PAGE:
The latest tactic is to pass rifle-shot single-issue spending bills. Instead of broad appropriations bills that fund several agencies, the House has adopted narrow bills to fund the military and those supporting war operations, Department of Veterans Affairs, the National Park Service, and National Institute of Health, and other discrete parts of government.

Cherry picking popular agencies and programs to re-open government is a cynical ploy and doesn’t make any sense.

Instead of hostage-taking and tactics to try to gain the upper hand in the court of public opinion, lawmakers need to simply do their job. The strangest thing about this whole affair is that the House and Senate agree on the topline budget number to fund government for several weeks, by when Congress should be able to reach a longer-term solution.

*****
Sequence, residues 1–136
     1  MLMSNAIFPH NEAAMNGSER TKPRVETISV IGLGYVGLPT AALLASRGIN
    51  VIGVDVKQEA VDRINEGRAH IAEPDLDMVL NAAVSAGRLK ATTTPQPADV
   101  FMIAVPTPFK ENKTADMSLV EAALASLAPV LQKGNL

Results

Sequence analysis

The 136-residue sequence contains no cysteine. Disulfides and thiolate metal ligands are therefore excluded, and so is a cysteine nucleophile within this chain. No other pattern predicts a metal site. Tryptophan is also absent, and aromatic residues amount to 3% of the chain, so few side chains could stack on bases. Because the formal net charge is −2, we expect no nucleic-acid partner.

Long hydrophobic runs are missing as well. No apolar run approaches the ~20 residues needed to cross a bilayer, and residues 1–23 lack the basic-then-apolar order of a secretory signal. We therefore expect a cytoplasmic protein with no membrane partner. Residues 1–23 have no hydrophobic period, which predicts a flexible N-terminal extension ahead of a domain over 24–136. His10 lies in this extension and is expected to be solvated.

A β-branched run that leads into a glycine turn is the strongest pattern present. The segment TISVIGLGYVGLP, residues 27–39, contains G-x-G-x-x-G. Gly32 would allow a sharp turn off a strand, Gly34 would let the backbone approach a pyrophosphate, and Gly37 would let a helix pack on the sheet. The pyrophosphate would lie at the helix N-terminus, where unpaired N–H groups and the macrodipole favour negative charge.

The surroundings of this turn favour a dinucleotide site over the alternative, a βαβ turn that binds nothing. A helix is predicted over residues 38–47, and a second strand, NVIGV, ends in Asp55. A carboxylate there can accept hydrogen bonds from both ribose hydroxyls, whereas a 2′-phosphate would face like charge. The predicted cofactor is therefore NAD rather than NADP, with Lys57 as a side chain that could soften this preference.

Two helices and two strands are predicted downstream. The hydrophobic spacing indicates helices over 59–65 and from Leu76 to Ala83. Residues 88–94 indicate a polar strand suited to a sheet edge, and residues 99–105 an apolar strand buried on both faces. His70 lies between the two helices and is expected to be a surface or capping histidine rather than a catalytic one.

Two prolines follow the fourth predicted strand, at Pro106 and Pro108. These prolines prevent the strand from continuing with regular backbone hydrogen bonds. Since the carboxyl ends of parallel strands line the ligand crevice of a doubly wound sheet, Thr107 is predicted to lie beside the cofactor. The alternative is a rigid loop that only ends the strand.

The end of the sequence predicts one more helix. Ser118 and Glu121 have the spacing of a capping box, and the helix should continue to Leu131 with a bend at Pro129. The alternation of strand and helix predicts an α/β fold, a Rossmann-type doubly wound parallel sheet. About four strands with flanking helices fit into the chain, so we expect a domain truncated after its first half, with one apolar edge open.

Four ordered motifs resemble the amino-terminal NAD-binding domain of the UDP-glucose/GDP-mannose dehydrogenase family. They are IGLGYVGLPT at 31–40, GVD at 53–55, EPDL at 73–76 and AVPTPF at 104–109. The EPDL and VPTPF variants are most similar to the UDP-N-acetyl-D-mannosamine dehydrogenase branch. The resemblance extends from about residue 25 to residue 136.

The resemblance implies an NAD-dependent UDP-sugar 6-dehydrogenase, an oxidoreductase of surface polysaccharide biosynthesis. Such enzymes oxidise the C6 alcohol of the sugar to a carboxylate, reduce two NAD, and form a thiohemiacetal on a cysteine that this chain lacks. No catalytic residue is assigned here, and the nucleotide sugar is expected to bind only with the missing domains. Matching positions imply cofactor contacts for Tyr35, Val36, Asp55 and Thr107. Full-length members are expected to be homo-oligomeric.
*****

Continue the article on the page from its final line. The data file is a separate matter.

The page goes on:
The debt ceiling — the statutory cap on how much the Treasury can borrow — is fast approaching. Treasury Secretary Jack Lew has indicated that it will be reached on October 17. As bad as a shutdown is, a default would be economically catastrophic.

Congress needs to pass a continuing resolution, deal with the debt limit, and responsibly finish appropriations for the 2014 fiscal year so it can start work on the 2015 budget on time. It’s time for the finger pointing and cacophony of criticism to stop.

Instead of a shutdown, Congress needs to shut up and do its job.


Ryan Alexander is president of Taxpayers for Common Sense.Taxpayer.net.   Photo Credit to KAZVorpal/Flickr. Distributed via OtherWords (OtherWords.org)

Oklahoma Woman Tells GOP Lawmakers: Without Obamacare, ‘I Will Be Dead Before My 27th Birthday’

BY TARA CULP-RESSLER ON OCTOBER 7, 2013

26-year-old Kendall Brown

26-year-old Kendall Brown [CREDIT: COURTESY OF KENDALL BROWN]